Prostate cancer is a type of cancer that develops in the prostate gland, which is located in the male reproductive system. Treatment options for prostate cancer include surgery, radiation therapy, chemotherapy, hormone therapy, and immunotherapy. However, some cases of prostate cancer can become resistant to these treatments, which is known as treatment-resistant prostate cancer (TRPC).
In a recent trial, nine patients with androgen-resistance were given androgen-blocking therapy as well as carotuximab, a CD105 inhibitor. Based on radiographic imaging, 40% of those patients had progression-free survival.
Cedars-Sinai Cancer Center researchers have identified an investigational therapeutic approach that may be effective against treatment-resistant prostate cancer. The findings of their Phase II clinical trial, which were published in the peer-reviewed journal Molecular Therapy, have prompted a larger, multicenter trial, which will begin soon.
Prostate cancer, which affects a small gland just below the bladder, is the second leading cause of cancer death in men. Many prostate tumors are benign and require no or little treatment. Surgery or radiation therapy are used to treat aggressive tumors at first.
We discovered that this therapy may be able to resensitize select patients to androgen suppression, particularly in early cancers. This could allow patients to avoid or postpone more harmful interventions like cytotoxic chemotherapy.Edwin Posadas
According to Neil Bhowmick, Ph.D., research scientist at Cedars-Sinai Cancer Center, professor of Medicine and Biomedical Sciences, and senior author of the study, cancer returns in about one-third of patients after initial treatment. These patients are typically treated with medications that block the actions of testosterone and other androgens, which are male hormones that aid in the growth of prostate tumors.
“Patients do really well until the tumor figures out how to get around the androgen-suppressing therapy,” Bhowmick explained. “One method is to cause cells to produce only a portion of the protein to which the drug binds, rendering the drug ineffective. Splice variants are the names given to the partial proteins.”
Bethany Smith, Ph.D., a project scientist in the Bhowmick Lab, discovered that cancer cells were signaling to surrounding supportive cells via a protein called CD105 to make these slice variant proteins through research with human cells and laboratory mice. The researchers then conducted a human trial to test a drug that they hoped would prevent those partial proteins from forming by inhibiting CD105.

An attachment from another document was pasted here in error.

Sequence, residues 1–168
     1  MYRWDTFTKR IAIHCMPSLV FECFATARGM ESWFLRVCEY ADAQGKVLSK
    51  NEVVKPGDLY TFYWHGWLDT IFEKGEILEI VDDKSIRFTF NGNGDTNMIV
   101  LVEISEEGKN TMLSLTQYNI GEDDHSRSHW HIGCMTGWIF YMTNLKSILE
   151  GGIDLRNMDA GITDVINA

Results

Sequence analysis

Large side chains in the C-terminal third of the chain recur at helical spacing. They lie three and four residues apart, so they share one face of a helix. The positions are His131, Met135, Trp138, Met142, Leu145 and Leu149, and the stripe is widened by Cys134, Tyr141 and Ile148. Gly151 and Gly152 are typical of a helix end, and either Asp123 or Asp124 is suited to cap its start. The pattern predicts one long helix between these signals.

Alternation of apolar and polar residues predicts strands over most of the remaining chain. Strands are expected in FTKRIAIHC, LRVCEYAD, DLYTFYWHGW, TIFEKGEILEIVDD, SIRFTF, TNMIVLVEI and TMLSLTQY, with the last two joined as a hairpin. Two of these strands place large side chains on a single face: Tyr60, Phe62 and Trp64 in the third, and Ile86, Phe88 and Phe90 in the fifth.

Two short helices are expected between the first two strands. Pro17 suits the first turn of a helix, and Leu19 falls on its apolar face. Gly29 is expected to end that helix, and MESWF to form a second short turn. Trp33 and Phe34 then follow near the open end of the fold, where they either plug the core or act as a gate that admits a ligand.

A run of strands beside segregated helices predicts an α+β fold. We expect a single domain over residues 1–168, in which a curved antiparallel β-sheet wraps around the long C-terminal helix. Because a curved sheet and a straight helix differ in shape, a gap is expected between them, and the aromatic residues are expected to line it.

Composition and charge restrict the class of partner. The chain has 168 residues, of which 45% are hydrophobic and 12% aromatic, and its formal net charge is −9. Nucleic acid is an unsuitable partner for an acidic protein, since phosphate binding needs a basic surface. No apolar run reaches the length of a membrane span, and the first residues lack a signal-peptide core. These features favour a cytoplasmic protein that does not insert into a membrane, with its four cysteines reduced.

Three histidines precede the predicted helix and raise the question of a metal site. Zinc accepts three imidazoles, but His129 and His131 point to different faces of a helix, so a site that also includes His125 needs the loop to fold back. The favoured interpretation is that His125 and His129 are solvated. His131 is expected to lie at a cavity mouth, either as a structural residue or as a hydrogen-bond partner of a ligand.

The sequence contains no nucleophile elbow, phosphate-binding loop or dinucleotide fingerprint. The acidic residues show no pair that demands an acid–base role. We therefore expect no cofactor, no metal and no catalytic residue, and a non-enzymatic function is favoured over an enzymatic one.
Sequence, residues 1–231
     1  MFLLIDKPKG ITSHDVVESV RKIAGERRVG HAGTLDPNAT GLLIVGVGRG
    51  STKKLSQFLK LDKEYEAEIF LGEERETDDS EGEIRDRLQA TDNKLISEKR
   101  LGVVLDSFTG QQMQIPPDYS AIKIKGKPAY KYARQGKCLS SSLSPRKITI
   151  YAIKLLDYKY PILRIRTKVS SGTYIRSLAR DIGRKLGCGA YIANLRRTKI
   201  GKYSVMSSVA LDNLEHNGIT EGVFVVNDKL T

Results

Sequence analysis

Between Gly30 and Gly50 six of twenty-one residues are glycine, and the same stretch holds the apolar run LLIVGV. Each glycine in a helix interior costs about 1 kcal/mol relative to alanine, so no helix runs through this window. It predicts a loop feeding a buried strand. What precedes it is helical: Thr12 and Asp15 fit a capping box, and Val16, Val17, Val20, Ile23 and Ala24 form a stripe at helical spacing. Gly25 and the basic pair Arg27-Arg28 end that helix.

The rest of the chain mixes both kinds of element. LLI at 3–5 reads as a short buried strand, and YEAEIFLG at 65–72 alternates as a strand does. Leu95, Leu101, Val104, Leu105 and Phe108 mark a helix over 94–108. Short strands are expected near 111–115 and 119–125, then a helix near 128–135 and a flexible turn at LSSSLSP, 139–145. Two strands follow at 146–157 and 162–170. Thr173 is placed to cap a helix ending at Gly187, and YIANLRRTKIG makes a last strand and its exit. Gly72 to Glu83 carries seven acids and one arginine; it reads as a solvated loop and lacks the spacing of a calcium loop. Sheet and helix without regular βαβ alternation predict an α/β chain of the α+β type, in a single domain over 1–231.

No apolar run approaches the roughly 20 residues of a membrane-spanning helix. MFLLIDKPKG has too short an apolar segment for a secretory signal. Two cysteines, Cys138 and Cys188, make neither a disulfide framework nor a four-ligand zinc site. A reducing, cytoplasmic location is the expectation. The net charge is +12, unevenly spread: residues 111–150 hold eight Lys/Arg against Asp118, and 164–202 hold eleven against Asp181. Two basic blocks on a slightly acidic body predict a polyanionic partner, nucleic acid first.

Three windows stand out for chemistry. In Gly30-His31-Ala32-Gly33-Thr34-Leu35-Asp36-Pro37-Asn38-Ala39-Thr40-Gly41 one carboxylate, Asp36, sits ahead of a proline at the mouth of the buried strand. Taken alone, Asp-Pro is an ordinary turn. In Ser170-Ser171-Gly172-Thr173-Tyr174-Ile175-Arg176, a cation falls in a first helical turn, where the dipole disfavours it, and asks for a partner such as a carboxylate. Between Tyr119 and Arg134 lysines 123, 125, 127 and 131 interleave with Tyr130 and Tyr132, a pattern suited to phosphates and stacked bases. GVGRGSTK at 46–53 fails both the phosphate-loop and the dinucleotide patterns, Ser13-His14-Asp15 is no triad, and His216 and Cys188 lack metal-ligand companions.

The trial included nine patients whose tumors were resistant to androgen-blocking therapy who were also given carotuximab, a CD105 inhibitor. Based on radiographic imaging, 40% of those patients had progression-free survival.
“Every single patient in our trial was completely resistant to at least one androgen suppressor, and the normal course of action would be to simply try another one or chemotherapy, which research has shown generally does not stop tumor growth for more than about three months,” Bhowmick explained. “Carotuximab inhibited cancer’s workaround and rendered the tumor susceptible to androgen-suppressive therapy.”
Importantly, carotuximab appears to prevent androgen receptor splice variants in supporting cells surrounding tumors, further sensitizing the tumor to the androgen suppressor, according to Bhowmick.
“We discovered that this therapy may be able to resensitize select patients to androgen suppression, particularly in early cancers. This could allow patients to avoid or postpone more harmful interventions like cytotoxic chemotherapy” According to Edwin Posadas, MD, co-director of the Experimental Therapeutics Program, medical director of the Urologic Oncology Program/Center for Uro-Oncology Research Excellence (CURE), associate professor of Medicine at Cedars-Sinai, and study co-author.
“We also hope to find ways to predict which patients will benefit the most from this approach by testing blood and tissue samples with next-generation technologies housed at Cedars-Sinai Cancer Center.”
Sungyong You, Ph.D., director of the Urologic Oncology Bioinformatics Group and study co-author, identified three biomarkers that may help predict which patients will respond to this investigational therapy, and the team plans to validate those markers in a new clinical trial. This will allow future studies to target patients who are most likely to benefit from this intervention, according to Bhowmick.